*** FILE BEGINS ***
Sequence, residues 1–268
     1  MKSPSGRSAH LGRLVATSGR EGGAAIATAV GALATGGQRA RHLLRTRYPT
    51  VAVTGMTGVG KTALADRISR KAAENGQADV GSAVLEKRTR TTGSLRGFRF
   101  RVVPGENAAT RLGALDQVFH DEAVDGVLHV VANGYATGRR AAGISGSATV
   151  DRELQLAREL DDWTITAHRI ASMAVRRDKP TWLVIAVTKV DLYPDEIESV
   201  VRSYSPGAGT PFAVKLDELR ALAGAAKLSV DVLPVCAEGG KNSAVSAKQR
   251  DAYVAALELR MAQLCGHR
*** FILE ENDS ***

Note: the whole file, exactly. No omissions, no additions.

Sequence, residues 1–268
     1  MKSPSGRSAH LGRLVATSGR EGGAAIATAV GALATGGQRA RHLLRTRYPT
    51  VAVTGMTGVG KTALADRISR KAAENGQADV GSAVLEKRTR TTGSLRGFRF
   101  RVVPGENAAT RLGALDQVFH DEAVDGVLHV VANGYATGRR AAGISGSATV
   151  DRELQLAREL DDWTITAHRI ASMAVRRDKP TWLVIAVTKV DLYPDEIESV
   201  VRSYSPGAGT PFAVKLDELR ALAGAAKLSV DVLPVCAEGG KNSAVSAKQR
   251  DAYVAALELR MAQLCGHR